[Reader-list] request for Sarai and Sarai list members

Monica Narula monica at sarai.net
Tue Jun 29 20:19:25 IST 2004

Dear Shivam

The issue that you are raising and discussing is obviously something 
that is often elided over and considered a 'rite of passage', not to 
be talked about once the time is past.

I think that if you want to create a site that people can go to for 
info as well as to be part of an extended community, you should think 
of one that is not the standard static html, but is dynamic and where 
many people can post, their experiences for example. So, a static 
site with a few html pages may not be the best thing to setup. There 
must be people on the list who work with zope or other cms who could 
setup such a site and where you and others would simply be able to 
put data? i think the best solution would be to find out about the 
ilug (linux users group) in Lucknow, and see if they could 
participate. I will try and see what i can find out from here.


At 9:18 -0700 27/6/04, shivam wrote:
>Dear friends,
>As you know, PACE has been running an anti-ragging
>campaign. It is very important for us to have a
>professional website, for which we humbly request all
>of you for help. If you are a web designer or are
>willing to fund one for us, we want to put up a
>website about ragging. At the momemnt we have no
>funding whatsoever, and shall hence be using free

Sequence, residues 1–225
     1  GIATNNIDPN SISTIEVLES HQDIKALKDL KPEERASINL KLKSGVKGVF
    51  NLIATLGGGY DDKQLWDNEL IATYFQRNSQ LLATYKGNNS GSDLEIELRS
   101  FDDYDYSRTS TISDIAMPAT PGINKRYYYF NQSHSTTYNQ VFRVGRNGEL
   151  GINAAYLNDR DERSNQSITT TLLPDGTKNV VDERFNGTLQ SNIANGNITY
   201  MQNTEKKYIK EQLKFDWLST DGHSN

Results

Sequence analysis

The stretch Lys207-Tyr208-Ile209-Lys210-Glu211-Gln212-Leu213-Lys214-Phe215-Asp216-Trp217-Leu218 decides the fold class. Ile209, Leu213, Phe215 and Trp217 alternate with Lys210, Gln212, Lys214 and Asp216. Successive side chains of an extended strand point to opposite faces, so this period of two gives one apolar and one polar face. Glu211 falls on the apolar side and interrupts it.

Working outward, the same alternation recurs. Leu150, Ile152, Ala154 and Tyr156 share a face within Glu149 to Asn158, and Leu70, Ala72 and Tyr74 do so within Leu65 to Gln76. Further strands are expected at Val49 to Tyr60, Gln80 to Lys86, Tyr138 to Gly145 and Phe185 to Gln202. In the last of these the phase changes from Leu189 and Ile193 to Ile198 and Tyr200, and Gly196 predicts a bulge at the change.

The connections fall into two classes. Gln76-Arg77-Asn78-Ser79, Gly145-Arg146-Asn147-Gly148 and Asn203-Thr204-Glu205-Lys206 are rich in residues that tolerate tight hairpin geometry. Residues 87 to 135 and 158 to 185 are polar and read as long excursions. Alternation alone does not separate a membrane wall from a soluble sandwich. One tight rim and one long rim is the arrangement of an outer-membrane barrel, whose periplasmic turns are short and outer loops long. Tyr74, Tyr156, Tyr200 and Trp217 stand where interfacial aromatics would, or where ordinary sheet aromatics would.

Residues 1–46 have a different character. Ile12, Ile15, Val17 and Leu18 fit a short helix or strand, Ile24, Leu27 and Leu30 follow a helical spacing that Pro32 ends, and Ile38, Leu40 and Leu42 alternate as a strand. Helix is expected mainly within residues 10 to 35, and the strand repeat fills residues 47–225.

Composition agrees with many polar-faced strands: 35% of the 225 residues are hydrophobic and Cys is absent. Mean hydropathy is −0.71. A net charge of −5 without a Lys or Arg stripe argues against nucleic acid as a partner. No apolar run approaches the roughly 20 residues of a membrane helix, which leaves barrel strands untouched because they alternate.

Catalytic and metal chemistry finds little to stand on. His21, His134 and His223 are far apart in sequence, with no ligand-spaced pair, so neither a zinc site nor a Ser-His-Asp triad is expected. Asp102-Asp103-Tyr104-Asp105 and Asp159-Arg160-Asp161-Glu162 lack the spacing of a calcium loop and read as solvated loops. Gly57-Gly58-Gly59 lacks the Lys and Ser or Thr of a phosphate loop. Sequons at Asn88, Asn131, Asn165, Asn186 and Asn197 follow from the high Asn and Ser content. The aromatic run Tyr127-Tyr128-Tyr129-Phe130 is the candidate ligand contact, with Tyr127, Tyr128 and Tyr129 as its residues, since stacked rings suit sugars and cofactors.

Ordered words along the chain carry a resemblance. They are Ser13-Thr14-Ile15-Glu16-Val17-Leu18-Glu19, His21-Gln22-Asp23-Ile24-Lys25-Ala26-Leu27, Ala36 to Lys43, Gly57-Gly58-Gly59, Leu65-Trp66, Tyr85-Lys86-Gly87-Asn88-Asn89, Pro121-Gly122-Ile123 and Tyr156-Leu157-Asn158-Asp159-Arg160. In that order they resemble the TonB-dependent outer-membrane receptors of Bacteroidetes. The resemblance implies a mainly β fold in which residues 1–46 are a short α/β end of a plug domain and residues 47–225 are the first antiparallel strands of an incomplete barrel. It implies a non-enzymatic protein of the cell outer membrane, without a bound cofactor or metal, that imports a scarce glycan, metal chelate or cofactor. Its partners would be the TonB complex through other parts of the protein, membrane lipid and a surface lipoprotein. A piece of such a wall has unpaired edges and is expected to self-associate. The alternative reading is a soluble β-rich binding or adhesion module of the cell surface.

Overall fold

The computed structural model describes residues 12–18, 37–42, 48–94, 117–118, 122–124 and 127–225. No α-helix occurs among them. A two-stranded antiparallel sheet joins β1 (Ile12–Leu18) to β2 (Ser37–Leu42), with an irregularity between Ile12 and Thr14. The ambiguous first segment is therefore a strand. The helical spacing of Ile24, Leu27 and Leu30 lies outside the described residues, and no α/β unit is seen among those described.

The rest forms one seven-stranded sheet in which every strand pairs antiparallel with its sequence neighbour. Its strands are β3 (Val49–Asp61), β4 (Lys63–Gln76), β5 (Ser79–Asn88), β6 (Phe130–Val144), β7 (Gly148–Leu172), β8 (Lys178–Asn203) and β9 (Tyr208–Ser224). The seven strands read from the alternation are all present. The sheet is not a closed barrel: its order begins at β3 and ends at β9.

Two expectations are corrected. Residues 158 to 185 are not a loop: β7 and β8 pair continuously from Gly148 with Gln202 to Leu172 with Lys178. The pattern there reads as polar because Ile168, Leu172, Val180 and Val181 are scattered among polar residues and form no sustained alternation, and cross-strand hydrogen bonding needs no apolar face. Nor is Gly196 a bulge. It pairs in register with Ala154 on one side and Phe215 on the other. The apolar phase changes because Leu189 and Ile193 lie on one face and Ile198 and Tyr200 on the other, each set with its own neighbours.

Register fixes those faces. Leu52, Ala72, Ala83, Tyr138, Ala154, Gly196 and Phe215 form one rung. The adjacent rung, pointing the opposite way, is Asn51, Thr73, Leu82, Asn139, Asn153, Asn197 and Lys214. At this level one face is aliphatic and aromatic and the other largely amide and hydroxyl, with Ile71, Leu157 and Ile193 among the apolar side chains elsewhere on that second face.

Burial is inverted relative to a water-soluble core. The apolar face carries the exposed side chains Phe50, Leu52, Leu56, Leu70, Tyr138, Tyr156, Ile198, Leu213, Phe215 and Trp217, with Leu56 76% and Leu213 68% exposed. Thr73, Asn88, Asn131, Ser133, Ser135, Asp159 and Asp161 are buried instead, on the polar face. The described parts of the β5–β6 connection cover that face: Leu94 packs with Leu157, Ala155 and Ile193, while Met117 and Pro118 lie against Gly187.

>space at Geocities.
>We request Sarai-CSDS and all members of this mailing
>list to take a moment to consider this request. The
>lack of a website is a great hindrance in our work at
>the moment. The designer can build a basic structure
>and upload some of the pages, all content shall be
>provided by us, and thus build a basic structure so
>that we can upload and add pages on our own
>What we have done so far:
>See our anti-ragging mailing list at
>A heart-wrenching first-hand account of a ragging
>victim (a sample of the kind of case studies the
>dossier will have):
>'Horrible Ragging At Vikhe Patil College Of
>Engineering , Ahmednagar, Maharashtra':
>The myth of mild ragging:
>PACE Dossier on Ragging in India, a book in the
>Survey on ragging in India:
>Volunteer appeal:
>This is the sort of stuff that has to be put online,
>and a lot more waiting in our hard disk. A few ours of
>your help can save some lives.
>Society for People's Action, Change and Enforcement
>Post Box No. 20, Ram Sagar Mishra Nagar, Lucknow - 16,
>Phone: 0 94152 55042
>Email: pace4change at yahoo.com
>PACE (Society for People's Action, Change and
>Enforcement) is a registered, not-for-profit voluntary
>   Indian action group all set to uproot ragging
>   By Sharmila Banerjee
>   Hindustan Times / New Delhi, June 11
>With college admissions in progress across the
>country, flickers of fear have already struck the
>minds of freshers.
>Despite a Supreme Court ruling in 2001, in exercise of
>the jurisdiction conferred by Article 32 and 142,
>ragging is a reality of Indian campus life.
>But a group of young minds -- onetime victims of the
>menace from across the country -- is determined to put
>a stop to the menace.
>All this when the SC ruling allows the UGC to cut off
>funds to an institution, which fails to curb ragging
>on campus.